1968 shooting at SC protest sparked Rosa Bogar’s mission to educate youth about Civil Rights Movement
Rosa Bogar has led her own personal crusade for quite some time now. The Minneapolis elder has lived in Minnesota since she was 26. Before moving here, Bogar was a resident of Syracuse, New York, for six years and, prior to that, she lived in her hometown of Orangeburg, South Carolina.
Most people haven’t heard much of Orangeburg. It’s a small town — not even seven square miles in proximity. It boasts about 14,000 residents and is located almost smack-dab in the middle of South Carolina. Orangeburg is also home to South Carolina State University, a historically Black college.
However, the town has a dark history that many people have kept silent for decades now — a secret that Rosa Bogar wants to share with the world.
The year was 1968. Several years had passed since Congress passed the Civil Rights Act, the landmark legislation that outlawed segregation in schools and public places. Enforcement of the law was weak initially, especially in the already segregated South.
There was a bowling alley near South Carolina State University, which was then called the All Star Triangle Bowl. Its owner at the time still segregated his business. He believed that as a privately owned business, he had the right to decide which customers he would allow and which he would exclude.
This prompted a protest on campus, which drew approximately 200 people. Several days went by as police officers reportedly tried to tame the crowd. On February 8, 1968, students lit a bonfire as a part of their protest. Police tried to extinguish the fire and shortly after, nine officers opened fire on the protestors. Law enforcement later claimed they thought students were shooting at them, but the students asserted that these accusations were false.
Twenty-seven people were injured. Three others were killed.
“It was a massacre,” said Rosa Bogar. “The gunmen were shooting to kill. They were using lethal bullets.”
While Bogar was in Minneapolis at the time of the shootings, her two young boys were in Orangeburg. They were in preschool, under the care of family members, but very close in proximity to where the shootings took place.
“You can just imagine how frightened I was,” said Bogar. “I was 1,000 miles away, and they were right there next to the killings.”
Samuel Hammond, Jr., Delano Middleton and Henry Smith were the three victims who were killed that day in Orangeburg. Samuel and Henry were both students at the college. Delano was a high school student, waiting for his mother to get off of work, when he was fatally struck.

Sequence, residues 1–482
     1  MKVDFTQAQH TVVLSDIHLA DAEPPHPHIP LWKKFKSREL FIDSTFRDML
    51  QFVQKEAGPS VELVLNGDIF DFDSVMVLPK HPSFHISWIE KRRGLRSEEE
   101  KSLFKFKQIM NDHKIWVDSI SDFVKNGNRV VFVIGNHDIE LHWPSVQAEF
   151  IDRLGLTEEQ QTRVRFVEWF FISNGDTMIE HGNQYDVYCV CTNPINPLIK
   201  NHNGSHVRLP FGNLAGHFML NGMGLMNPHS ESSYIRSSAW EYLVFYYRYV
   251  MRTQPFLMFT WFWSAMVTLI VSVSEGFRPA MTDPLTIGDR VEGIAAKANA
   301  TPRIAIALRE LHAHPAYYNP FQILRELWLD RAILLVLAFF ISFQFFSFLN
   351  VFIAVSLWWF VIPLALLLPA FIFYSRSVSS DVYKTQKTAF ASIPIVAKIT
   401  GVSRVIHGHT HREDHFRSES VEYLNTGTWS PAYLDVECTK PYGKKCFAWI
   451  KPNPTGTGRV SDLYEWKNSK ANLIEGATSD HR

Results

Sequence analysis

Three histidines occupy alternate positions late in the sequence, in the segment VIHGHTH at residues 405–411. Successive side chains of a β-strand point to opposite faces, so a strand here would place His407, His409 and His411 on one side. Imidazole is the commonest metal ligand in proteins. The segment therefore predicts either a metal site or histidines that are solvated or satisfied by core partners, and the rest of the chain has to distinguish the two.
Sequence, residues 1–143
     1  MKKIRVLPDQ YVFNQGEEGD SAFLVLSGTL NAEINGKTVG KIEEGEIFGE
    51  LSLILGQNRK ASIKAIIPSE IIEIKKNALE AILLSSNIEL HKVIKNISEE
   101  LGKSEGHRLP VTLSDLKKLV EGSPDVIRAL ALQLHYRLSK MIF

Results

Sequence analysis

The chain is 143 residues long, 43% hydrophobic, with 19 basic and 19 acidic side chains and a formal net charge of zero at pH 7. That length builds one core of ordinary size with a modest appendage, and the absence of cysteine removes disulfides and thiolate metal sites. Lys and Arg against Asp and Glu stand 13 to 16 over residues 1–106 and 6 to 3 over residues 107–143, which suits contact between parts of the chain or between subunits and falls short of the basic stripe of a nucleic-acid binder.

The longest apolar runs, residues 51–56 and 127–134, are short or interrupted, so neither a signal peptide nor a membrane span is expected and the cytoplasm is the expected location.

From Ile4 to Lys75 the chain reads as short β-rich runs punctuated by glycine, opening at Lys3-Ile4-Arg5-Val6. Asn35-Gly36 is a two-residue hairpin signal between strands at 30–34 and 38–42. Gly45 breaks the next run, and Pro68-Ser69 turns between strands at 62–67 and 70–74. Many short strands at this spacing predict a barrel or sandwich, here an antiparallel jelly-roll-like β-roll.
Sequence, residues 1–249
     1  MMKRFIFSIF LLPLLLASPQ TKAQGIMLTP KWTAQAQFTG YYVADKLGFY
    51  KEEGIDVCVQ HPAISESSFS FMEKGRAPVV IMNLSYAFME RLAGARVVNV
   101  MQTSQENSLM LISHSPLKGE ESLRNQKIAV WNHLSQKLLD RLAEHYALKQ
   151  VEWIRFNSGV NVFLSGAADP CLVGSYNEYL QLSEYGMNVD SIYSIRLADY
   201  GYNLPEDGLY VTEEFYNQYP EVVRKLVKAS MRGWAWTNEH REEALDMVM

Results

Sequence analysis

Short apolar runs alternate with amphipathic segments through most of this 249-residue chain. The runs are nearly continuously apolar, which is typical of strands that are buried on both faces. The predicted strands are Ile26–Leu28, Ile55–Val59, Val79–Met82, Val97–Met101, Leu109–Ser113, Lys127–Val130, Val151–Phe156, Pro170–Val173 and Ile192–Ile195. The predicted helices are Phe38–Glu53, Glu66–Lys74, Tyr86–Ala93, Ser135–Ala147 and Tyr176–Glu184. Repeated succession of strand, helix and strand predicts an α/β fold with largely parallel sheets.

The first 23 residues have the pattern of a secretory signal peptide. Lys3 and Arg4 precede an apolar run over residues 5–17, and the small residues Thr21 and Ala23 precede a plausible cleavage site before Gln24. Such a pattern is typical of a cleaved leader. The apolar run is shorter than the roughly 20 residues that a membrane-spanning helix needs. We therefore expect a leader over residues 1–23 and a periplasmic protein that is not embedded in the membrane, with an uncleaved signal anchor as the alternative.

Little media attention was given to the tragedy, leaving most of the nation uninformed of the Orangeburg Massacre. The nine officers who opened fire were acquitted. The FBI has talked about re-opening the case, although to date it still remains closed.
“It saddens me that there needs to be so much healing that needs to be done,” Bogar lamented.
However, she has found her own path to help heal her wounds of the tragedy that shook her hometown.
In 1997 Rosa spearheaded a reunion in Orangeburg, honoring the town and the victims of the massacre. It was the first time she had been back to Orangeburg in 35 years. She sent hundreds of fliers and made hundreds more phone calls to help reunite the broken community. During the ceremony, she also honored Delano Middleton, the high school student who was killed, with a plaque.
“Delano was in my sister’s high school class,” said Bogar. “The entire event affected so much more than the three people who died. The whole town was affected.”
The whole town, like the rest of the nation, was also deeply affected by the entire Civil Rights Movement. Rosa never had a White friend until she moved north. Her elementary, middle and high schools were all segregated. She wasn’t allowed in the public library, and she clearly remembers while shopping at a store that she was welcome to spend as much money as she wanted, but not welcome to stay in the store to enjoy a cold beverage in the store’s ice cream parlor.
“I remember when Woolworth’s pulled out all of their sitting stools so Blacks couldn’t sit down in the drug store to enjoy a snack or drink,” she recalled.
Bogar remembers traveling back to South Carolina a few years after the Massacre via bus for her grandmother’s funeral. Legally, segregation was over, but she was still scared to sit in a wrong section of the bus — afraid she’d be arrested and miss her grandmother’s funeral: “I had to call my sister to ask her where the sign was for the Black section. She told me I could now sit anywhere on the bus. I was still so afraid, though, that I’d be in the wrong seat.”
Today, the retired Minneapolis teaching assistant visits schools to share her anecdotes about the movement and the Orangeburg Massacre with young children.
In 1997, Bogar proposed to the mayor of Orangeburg to declare a Civil Rights Remembrance Day. He gladly accepted, and now that day is celebrated on May 4. But Bogar, true in character, thinks about civil rights more than just once a year.
“I don’t just wait until Black History Month comes around to talk about Black history, just like I won’t wait until May 4 to talk about the civil rights era. All of us need to embrace the entire movement — not just the end, which is when the Orangeburg Massacre occurred.”
Bogar looks to the future and plans someday to write a book of all her memories of Orangeburg and the movement. But in the meantime, she hopes Orangeburg citizens and law enforcement will open up about February 4, 1968 — a day more than 40 years ago that needs to be revisited so old wounds may finally heal.
Felicia Shultz welcomes reader responses to email@example.com.